Asphodelus, a genus that consists primarily of tall perennials belonging to the family Asphodelaceae, is found around the world but is native to the central, western, and southern parts of the European continent. The plants under this genus are monocotyledonous, consisting of mostly herbs with compound pistils, petaloid sepals, and petals. Asphodelus plants thrive with plenty of natural light and well-drained soil. They can spread to 1.5 feet (0.45 m) and grow up to 3 feet (0.9 m) in height.
In the later part of spring or early summer, Asphodelus plants produce small, star-shaped flowers on thick-stemmed racemes. A spike of light yellow or white flowers is supported by an elongated stem. The clumps of medium green leaves are linear and flattened and can develop to a maximum length of 2 feet (0.6 m).
The leaves of Asphodelus plants are popularly used as wrapping for a type of Italian cheese locally known as burrata. Both the cheese and the leaves can last a maximum of four days. Therefore, fresh leaves are considered a sign of fresh cheese. When the leaves are dried out, it means the cheese is no longer safe for human consumption.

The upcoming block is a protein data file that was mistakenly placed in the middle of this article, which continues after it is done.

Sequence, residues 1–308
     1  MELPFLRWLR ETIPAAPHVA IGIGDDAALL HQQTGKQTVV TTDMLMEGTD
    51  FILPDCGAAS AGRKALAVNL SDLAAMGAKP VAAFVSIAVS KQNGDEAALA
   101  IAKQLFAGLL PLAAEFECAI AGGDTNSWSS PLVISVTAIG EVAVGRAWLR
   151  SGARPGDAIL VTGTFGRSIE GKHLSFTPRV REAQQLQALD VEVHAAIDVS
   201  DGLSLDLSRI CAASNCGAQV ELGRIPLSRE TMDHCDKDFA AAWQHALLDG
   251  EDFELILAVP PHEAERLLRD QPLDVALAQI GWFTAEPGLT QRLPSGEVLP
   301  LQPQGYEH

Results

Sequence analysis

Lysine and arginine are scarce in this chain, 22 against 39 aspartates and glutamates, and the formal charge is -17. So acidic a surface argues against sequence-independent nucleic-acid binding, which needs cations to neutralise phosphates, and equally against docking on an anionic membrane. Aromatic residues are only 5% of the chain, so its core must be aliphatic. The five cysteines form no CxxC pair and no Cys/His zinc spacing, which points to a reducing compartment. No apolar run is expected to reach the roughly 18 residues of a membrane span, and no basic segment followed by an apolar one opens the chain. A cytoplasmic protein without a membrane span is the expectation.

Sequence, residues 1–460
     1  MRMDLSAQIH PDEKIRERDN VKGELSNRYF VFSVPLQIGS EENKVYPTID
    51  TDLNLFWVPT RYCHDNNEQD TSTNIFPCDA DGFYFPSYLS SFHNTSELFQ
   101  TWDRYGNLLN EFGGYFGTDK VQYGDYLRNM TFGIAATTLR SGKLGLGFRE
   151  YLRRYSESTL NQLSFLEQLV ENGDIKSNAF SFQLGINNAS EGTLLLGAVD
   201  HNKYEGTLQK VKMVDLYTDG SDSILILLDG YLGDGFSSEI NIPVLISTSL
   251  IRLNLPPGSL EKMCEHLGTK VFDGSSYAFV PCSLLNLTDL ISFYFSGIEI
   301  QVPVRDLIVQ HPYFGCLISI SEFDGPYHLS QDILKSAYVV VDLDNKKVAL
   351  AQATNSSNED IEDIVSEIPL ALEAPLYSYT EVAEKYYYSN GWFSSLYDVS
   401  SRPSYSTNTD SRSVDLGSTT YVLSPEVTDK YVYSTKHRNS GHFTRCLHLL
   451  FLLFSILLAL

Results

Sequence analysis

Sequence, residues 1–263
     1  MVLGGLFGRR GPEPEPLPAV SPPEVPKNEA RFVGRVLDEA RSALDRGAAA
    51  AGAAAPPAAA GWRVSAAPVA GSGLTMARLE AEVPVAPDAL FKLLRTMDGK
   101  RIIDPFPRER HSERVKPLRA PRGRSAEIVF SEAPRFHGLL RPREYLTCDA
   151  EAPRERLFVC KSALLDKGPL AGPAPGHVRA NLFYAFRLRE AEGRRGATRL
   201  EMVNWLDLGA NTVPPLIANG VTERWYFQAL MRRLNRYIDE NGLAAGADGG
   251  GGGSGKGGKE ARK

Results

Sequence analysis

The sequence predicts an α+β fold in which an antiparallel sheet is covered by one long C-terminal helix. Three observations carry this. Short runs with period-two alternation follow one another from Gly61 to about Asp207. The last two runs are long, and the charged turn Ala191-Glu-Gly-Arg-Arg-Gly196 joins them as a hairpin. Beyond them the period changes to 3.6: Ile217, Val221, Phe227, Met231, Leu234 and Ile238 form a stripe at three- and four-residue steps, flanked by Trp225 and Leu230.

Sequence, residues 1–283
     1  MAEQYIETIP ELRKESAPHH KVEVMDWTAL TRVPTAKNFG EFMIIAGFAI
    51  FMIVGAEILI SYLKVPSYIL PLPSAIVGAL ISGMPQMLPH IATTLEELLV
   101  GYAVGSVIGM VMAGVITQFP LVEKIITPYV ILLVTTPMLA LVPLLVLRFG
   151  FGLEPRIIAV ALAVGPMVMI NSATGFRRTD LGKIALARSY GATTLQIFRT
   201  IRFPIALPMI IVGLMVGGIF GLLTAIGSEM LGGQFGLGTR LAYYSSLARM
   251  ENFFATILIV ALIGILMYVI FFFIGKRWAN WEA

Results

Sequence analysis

Propagation of Asphodelus species as garden plants can be done in the fall season by sowing the seeds in a sandy type of soil. They can also be propagated by dividing and replanting the existing growths in the spring. During the plants’ first winter, pots can be used to place them in a sunny and sheltered spot to encourage their ideal growth.
Asphodelus ramosus is considered one of the earliest species recorded in history, with a detailed description written by Hesiod dating back to the 18th century BC. It is the flower that is believed to occupy the plains of Hades, the underworld in Greek mythology. The ancient Greeks used to plant it in close proximity to graves because they believed that it is the food most desired by the dead. This plant is also regarded as sacred to Persephone, who is the underworld’s queen in Greek mythology.
In history, the poorer Greeks ate the roots of the asphodels. The food was considered good enough only for the lower members of society. These plants were also believed to be a species in opposition to sorcery and were used as a cure for venomous snake bites. Pigs were thought to be preserved from disease by using Asphodelus plants. The nomads in Libya used asphodel stalks as a material for making their huts.